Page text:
One of Daisy's strongest supporters that she stays the same throughout the novel. When Gatsby's funeral is being sent into place, Nick tries to get Daisy to attend as of, her and Gatsby were lovers. However, she had ran away with Tom forever, not even reaching out to Nick to apologize or show her sympathy for the man she truly loved or for her cousin who cared for her and protected her. Daisy is a "beautiful fool" herself and she plays this wild card as a means to escape reality and the horrors of life. This reflects on the how Daisy and Tom are "careless people."
"The (God) damned coward!" he whimpered. "He didn't even stop his car" (Fitzgerald 141).
This is one of Tom's more sympathetic quotes. He's upset that Gatsby hit and killed Myrtle, yet there is no evidence in the novel that he said his goodbyes or paid his respects to Myrtle, considering she was his mistress. Tom remains a static character because he never cares for the person who is hurt, he only cares of protecting himself and Daisy.
"And as I sat there brooding on the old, unknown world, I thought of Gatsby's wonder when he first picked out the green light at the end of Daisy's dock" (Fitzgerald 180).
Nick is a dynamic character in the novel because his opinions on those like Daisy, Tom, Jordan, and Gatsby change entirely from good to bad. Nick admits that he doesn't understand the world and that it is mysterious and unknown, "on the old, unknown world" (Fitzgerald 180). Nick believes in Gatsby and wonders about Gatsby's fascination with the green light at the end of the dock, reaching out further and further each time yet never grabbing it.
"As though [he] cared" (Fitzgerald 101)!
Nick is explaining how when Gatsby was trying to be polite to Tom and his friends that it really didn't matter to Tom or his friends. He remains this way throughout the entire novel with the idea of not really caring about anyone else
"Your wife doesn't love you," said Gatsby. "She's never loved you. She loves me" (Fitzgerald 130).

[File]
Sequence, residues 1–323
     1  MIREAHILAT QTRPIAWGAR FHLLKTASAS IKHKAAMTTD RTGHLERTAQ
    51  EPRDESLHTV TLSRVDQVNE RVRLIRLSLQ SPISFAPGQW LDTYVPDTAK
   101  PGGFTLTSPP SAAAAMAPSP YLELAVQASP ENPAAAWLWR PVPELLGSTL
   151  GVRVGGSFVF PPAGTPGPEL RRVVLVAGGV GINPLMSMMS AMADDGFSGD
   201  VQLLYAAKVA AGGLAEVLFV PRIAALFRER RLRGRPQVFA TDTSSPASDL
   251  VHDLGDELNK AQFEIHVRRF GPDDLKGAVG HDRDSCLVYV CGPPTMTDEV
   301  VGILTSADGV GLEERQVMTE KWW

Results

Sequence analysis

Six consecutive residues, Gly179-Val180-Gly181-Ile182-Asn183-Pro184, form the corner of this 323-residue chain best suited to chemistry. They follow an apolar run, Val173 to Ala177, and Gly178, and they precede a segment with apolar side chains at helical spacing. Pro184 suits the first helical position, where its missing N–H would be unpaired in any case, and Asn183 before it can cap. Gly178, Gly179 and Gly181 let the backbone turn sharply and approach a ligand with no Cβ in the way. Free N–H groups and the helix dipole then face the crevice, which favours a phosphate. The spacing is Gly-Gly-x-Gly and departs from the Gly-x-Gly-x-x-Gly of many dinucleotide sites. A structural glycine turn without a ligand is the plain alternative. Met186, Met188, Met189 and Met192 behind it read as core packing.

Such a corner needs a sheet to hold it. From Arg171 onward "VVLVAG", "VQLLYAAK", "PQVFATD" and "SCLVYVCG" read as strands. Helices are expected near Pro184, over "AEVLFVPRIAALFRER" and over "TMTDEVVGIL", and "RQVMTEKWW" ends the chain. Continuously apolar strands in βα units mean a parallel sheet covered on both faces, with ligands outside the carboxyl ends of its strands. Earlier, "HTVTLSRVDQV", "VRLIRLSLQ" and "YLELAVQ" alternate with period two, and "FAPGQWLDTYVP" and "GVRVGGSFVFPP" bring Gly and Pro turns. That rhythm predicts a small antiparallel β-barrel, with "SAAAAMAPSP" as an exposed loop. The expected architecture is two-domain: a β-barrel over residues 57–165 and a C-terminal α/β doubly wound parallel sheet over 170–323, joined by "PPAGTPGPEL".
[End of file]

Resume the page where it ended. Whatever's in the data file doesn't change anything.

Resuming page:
Gatsby is dynamic character because he changes and evolves with the novel. He always loved Daisy, yet he could never work up the courage to reach out to her again and now he is confronting her husband Tom Buchanan, "She's never loved you. She loves me" (Fitzgerald 130). Gatsby has evolved so much from the first page of the novel to now because once he met Nick he discovered this hidden courage inside of him and reached back out into the past, however one cannot repeat or change the past.
"Every one suspects himself of at least one of the cardinal virtues, and this is mine: I am one of the few honest people that I have ever known" (Fitzgerald 59).
Nick's description of himself is constantly changing, he believes that he is the most honest person he knows on West and East Egg. The thing is however, Nick constantly changes his point of view on the two places and the people who live in these Eggs. Nick believes that he is one the most honest people, Gatsby is like Nick, they are both honest when it comes to the truth and will protect others over themselves.
"Can't repeat the past?" he cried incredulously. "Why of course you can" (Fitzgerald 110)!
Gatsby embodies a dynamic character because he believes that one can repeat the past and redo what they've messed up before, however Gatsby starts to understand that he cannot repeat the past. Gatsby starts to learn this when he is at the Buchanan's house and he meets Tom and Daisy's daughter, who is a little girl that is with her nanny. Gatsby never gives up on his dream of being with Daisy, however he learns that he cannot simply repeat the past, but make a new and better future for himself and for Daisy.